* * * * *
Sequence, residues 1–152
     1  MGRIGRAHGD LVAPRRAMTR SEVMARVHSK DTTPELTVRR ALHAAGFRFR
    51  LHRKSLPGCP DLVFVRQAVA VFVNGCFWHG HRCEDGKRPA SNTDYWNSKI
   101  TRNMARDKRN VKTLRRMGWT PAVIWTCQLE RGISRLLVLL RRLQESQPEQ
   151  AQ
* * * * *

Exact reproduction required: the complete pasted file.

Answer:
Sequence, residues 1–152
     1  MGRIGRAHGD LVAPRRAMTR SEVMARVHSK DTTPELTVRR ALHAAGFRFR
    51  LHRKSLPGCP DLVFVRQAVA VFVNGCFWHG HRCEDGKRPA SNTDYWNSKI
   101  TRNMARDKRN VKTLRRMGWT PAVIWTCQLE RGISRLLVLL RRLQESQPEQ
   151  AQ